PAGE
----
This year, a different practice is being utilized, which involves running sulfuric acids in the irrigation water at each application.
“We need quality river water to flush the minerals that have accumulated on soil surface. In the meantime, we apply more and more water conditioners, to treat irrigation water,” Lack said.
Even with treatment, water could be an issue.
“High salinity levels could impact overall production somewhat, so we expect maybe lower than normal production in some cases. However, water quality varies from county to county, so those with better water will have a better crop,” Franzoy said.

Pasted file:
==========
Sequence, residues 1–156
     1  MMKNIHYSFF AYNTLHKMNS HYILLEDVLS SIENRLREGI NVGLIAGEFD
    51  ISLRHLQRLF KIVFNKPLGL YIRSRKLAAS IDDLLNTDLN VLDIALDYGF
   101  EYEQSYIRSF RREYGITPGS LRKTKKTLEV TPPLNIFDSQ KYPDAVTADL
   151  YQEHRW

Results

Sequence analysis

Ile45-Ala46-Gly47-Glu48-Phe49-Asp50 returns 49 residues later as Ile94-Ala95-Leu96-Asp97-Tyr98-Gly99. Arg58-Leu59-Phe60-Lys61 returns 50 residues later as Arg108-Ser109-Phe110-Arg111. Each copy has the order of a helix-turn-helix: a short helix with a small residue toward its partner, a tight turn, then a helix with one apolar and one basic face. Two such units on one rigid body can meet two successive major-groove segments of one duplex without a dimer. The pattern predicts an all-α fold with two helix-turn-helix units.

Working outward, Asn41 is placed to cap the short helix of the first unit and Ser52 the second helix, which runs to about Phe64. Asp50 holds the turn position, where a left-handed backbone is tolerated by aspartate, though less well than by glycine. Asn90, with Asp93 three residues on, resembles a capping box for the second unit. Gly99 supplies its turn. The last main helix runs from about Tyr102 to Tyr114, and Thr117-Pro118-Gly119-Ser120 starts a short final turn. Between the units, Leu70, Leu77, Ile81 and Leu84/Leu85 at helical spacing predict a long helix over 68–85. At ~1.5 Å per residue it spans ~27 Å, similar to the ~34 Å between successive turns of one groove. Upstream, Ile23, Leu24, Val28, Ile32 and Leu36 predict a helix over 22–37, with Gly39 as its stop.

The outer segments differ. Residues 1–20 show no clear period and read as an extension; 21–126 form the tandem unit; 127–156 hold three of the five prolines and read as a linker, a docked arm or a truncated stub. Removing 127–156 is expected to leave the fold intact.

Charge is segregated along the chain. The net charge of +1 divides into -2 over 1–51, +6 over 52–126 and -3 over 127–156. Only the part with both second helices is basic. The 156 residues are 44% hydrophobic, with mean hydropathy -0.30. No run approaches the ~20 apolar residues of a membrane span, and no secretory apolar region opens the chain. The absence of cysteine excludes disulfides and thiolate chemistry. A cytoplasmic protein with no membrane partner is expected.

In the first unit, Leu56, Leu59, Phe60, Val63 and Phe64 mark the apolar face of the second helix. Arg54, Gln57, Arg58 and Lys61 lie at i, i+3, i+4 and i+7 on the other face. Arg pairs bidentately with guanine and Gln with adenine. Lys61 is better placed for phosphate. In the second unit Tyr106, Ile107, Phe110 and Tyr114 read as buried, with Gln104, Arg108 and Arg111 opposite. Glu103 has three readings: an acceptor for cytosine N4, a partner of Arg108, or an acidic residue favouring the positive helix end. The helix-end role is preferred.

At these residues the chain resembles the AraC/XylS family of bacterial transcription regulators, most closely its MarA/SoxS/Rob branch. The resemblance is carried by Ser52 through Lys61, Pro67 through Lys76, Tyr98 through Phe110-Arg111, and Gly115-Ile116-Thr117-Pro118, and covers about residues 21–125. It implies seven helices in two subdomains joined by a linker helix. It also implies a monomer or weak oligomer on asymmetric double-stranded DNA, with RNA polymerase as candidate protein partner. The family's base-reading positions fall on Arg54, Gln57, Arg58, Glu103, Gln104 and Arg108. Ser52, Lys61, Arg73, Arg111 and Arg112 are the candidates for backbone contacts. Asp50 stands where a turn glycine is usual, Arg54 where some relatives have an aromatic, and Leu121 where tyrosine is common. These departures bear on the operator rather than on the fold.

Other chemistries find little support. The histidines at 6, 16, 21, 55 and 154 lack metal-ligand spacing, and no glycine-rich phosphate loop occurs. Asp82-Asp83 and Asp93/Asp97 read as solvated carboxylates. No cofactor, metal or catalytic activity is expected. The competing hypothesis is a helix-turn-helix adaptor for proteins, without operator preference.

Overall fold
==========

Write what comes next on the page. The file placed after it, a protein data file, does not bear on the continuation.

In addition, growers have to deal with the added cost of production that comes with running pumps for irrigation.
“It certainly costs more to run the pumps versus irrigating with surface water because pumps use diesel, gas or electricity,” Franzoy said.
To compensate, growers are hoping for higher prices to match steady demand.
“We’re hoping for higher f.o.b.s this season. And we do expect a slightly smaller crop overall than we’ve had in previous years,” Franzoy said.